16 comments:

  1. Well said Mary. So so sad. I really wished I had kept in touch with Dan over the years. He would always be up for hike after a long day of hard work or encourage a "shortcut" back to camp. Even though it was cut short he had a remarkably full life and was an inspiration to many. --dm

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    1. I remember hearing about those shortcuts.

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  2. Sorry for the loss of your friend.

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    1. I hesitated to post this because we really hadn't stayed in touch; I wouldn't call us friends. But his death touched me more than I thought it would.

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  3. I hate that cancer never plays fair. Sorry for your loss.

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    1. Cancer sux, like I said it's not my loss, but I feel so badly for his friends and family.

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  5. Ohhh, I'm so sorry. A much younger friend has just been diagnosed with myeloma, which she has determined to call "My Lemons." I hope there is some way Dan's family can have your lovely memory.

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    1. His family is pretty private and I dont really want to reveal too much or to share with them, just wanted to write about what I felt about this.

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  6. Thank you Mary - you captured those sweet days and Trail Crew Dan so poignantly. It's still sinking in but I'm quite sure that he will always walk those trails with us.

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  7. Your poignant words let those of us who never met him know that there was a special person out there on the trail and in the world.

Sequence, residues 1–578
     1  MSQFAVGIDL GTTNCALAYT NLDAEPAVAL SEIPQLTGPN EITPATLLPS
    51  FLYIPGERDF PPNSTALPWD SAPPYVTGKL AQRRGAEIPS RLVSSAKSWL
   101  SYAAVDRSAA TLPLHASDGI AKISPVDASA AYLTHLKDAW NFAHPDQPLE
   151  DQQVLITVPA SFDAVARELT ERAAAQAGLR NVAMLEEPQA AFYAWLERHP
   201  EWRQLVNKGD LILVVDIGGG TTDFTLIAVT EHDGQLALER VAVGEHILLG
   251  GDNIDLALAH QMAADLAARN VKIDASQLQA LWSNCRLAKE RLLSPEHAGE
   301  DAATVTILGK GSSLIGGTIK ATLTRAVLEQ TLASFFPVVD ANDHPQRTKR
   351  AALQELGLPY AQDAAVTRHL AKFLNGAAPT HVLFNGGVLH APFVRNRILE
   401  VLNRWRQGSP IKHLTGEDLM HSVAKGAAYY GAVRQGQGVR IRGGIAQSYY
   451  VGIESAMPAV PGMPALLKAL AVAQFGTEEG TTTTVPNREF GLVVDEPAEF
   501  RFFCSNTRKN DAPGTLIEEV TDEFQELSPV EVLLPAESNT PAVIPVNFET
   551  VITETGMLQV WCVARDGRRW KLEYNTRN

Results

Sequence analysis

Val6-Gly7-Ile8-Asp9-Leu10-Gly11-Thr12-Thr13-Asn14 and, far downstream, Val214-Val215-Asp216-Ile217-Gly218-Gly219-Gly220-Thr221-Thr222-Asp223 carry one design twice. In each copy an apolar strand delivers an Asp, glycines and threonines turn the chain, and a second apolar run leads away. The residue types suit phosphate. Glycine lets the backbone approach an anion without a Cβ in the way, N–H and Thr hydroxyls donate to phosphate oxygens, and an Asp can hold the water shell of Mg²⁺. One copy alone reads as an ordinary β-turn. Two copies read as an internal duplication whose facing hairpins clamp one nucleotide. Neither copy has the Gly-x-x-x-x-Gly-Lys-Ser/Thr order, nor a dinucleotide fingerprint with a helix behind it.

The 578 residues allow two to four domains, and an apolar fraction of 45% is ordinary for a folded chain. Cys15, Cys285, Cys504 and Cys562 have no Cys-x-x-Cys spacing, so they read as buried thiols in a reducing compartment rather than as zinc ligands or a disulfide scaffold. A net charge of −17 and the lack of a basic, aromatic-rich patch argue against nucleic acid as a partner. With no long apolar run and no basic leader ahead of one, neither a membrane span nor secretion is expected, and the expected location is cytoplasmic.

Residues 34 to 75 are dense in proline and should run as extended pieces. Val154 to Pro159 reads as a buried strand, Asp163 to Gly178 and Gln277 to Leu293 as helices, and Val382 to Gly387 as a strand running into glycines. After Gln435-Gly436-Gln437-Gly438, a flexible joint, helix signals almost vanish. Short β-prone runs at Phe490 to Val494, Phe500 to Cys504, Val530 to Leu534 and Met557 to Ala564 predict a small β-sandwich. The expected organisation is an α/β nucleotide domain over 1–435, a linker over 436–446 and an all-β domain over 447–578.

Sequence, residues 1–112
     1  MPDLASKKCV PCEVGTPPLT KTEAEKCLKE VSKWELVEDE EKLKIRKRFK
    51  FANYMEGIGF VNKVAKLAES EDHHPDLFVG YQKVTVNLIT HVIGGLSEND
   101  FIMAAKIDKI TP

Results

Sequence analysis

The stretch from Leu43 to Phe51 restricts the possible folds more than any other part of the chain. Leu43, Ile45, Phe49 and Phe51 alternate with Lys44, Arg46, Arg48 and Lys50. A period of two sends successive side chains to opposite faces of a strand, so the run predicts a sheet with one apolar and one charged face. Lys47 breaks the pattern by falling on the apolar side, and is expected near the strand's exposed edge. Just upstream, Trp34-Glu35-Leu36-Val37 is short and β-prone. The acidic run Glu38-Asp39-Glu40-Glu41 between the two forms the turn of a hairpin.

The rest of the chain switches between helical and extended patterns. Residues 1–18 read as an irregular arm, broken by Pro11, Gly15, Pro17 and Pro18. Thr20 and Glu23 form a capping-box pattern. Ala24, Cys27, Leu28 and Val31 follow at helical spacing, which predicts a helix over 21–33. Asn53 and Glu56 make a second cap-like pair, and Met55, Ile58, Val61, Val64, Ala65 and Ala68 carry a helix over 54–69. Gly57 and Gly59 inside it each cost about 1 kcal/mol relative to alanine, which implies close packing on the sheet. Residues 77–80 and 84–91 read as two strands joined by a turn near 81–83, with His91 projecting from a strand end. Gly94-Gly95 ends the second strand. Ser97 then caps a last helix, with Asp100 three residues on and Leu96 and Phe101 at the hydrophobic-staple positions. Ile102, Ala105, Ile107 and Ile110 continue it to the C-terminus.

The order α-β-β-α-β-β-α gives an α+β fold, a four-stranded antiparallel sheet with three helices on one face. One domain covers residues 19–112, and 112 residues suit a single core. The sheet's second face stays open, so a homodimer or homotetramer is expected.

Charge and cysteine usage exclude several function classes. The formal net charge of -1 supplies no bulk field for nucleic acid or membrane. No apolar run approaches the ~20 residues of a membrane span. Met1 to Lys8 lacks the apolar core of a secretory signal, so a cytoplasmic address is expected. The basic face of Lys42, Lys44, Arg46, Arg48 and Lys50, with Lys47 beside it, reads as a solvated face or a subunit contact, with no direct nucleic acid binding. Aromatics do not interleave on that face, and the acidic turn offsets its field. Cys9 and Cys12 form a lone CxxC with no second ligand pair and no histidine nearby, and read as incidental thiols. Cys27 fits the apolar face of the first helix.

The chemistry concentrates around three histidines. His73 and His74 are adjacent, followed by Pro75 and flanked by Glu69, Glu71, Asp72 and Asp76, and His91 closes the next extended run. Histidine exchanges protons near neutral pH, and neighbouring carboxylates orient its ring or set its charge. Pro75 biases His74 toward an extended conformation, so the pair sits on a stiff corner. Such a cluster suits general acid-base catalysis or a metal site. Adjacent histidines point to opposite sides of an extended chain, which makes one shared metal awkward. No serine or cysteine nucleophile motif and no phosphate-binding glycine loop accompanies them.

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    1. There was, just seeing all the different people who wrote in to his go fund me site ((which a friend set up, I don't think his family would have) it was amazing to see all the different things he did that touched people.

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  8. Sorry Mary! Even though you two had gone your separate ways it still pulls at the hearth strings. I think your writing helps you to heal your heart. Thank you for sharing a little bit about your Trail Crew days with us. Yes, Cancer sucks!

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    1. I don't think you ever really forget some people. Thanks Kim!

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  9. Hi Mary, this is Dan's wife, Carol. Thank you for the wonderful remembrance. Dan absolutely loved and cherished his trail crew days and everyone who shared them with him. He always yearned for those carefree and invigorating summers. They were a huge part of who he was, and how he lived and approached life. I would gladly read any more stories, you don't have to keep them general or too private. I just want to hear more of the stories that Dan used to tell that we never wrote down or recorded. Thanks again, Carol